Tuesday, November 29, 2011

The US flexes its military muscle.

Having recently committed a 100 combat troops to Uganda to help the Ugandan army track the Lord’s Resistance Army rebel group in Congo the US are now rumoured to be sending soldiers to Nigeria to help fight the Boko Haram terrorist group.Link.

Friday, November 04, 2011

"You'll Be Fired If You Refuse"

Chinese-run copper mines in Zambia are dangerously unsafe and owners routinely flout the rights of workers, says a report by Human Rights Watch. Chinese mines were worse than at other foreign-owned mines. Pay at the Chinese-run mines was higher than Zambia's minimum wage, but much lower than that paid by other multinational copper mining firms. Also miners are threatened with dismissal if they became involved in union activities.

"Sometimes when you find yourself in a dangerous position, they tell you to go ahead with the work," one miner told HRW. "They just consider production, not safety. If someone dies, he can be replaced tomorrow. And if you report the problem, you'll lose your job."

Miners had to work 12-hour shifts often in fume-filled tunnels. Sometimes shifts were 18 hours long. Zambian law limits shifts to eight hours. Miners in Chinese-run companies have been subject to abusive health, safety and labour conditions and longtime Zambian government indifference.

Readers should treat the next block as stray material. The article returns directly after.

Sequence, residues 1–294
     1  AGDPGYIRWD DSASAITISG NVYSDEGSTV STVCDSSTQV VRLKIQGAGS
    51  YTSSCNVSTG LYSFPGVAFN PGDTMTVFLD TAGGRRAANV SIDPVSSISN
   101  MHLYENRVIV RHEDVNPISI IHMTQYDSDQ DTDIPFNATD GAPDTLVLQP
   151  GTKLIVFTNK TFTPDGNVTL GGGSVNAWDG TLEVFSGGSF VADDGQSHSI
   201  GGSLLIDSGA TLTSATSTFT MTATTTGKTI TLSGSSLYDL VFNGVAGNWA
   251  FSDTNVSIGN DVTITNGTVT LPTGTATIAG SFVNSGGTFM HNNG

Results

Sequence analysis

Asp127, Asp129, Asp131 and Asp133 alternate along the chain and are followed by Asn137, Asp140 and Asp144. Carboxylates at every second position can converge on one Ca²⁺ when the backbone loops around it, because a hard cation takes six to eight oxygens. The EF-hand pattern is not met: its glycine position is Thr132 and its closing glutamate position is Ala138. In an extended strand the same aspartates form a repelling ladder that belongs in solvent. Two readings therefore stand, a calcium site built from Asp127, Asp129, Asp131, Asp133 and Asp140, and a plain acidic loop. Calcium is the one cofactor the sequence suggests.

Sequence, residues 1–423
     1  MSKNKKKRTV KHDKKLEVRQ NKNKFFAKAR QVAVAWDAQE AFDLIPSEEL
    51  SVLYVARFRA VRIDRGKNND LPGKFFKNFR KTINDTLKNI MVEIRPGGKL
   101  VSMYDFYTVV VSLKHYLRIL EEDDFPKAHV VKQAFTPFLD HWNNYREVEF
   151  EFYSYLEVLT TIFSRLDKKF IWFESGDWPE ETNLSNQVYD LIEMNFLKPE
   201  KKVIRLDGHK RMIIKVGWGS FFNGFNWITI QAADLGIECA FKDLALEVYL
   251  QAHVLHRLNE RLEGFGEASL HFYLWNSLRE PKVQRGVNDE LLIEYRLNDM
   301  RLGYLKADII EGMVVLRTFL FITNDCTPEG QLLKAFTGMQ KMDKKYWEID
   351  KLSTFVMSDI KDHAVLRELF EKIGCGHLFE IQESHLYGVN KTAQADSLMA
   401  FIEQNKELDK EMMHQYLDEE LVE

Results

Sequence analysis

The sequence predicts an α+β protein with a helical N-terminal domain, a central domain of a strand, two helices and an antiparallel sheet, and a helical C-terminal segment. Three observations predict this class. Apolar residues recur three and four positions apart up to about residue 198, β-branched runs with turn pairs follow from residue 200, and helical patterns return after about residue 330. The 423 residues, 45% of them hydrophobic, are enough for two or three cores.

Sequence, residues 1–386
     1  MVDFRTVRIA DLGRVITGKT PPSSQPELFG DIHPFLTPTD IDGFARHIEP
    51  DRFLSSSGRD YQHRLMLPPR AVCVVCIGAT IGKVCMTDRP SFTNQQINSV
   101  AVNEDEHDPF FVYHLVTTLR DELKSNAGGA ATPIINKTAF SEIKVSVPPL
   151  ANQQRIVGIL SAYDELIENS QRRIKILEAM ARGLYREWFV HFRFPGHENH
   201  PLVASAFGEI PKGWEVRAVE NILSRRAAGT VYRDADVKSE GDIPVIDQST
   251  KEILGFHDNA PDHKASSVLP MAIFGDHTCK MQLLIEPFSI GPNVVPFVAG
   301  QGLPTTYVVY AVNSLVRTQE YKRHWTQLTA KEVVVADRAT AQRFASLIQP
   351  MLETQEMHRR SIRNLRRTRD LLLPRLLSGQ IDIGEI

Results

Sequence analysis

Many of the poor safety practices in Zambia's Chinese-run mines were strikingly similar to abuses at mines in China. Currently dozens of miners have been trapped in a coal mine in China. Four miners were killed and 50 more are missing after the accident, which happened late on Thursday in the city of Sanmenxia in Henan province.

Hundreds of Chinese miners die every year in pit accidents. The industry is one of the most dangerous in the world, and is notorious for its lax safety standards. Earlier this week a gas explosion at a mine in neighbouring Hunan province killed 29 people.

Tuesday, November 01, 2011

Land Guidelnes Delay

The adoption of international guidelines to regulate so-called land grabs has been pushed to next year after negotiators failed to agree on conditions for large-scale land investments and enforcement. Once in place, the United Nations’s Committee on World Food Security guidelines are meant to protect people, mainly in poor countries such as Sierra Leone, from “land grabbing”. Olivier De Schutter, the U. N. special rapporteur on the right to food, said in an email following the meetings that details of conditions for large-scale investments remained an unresolved sticking point.

”In general, the development of plantations increases inequality, instead of decreasing it,” said De Schutter. ”The majority will not benefit.” The guidelines on the security of tenure of land, fisheries and forests “could be a significant advance,” said De Schutter. “It can make it more difficult for governments to ignore the demands of the local community.”


Socialist Banner views the success of regulation as unlikely.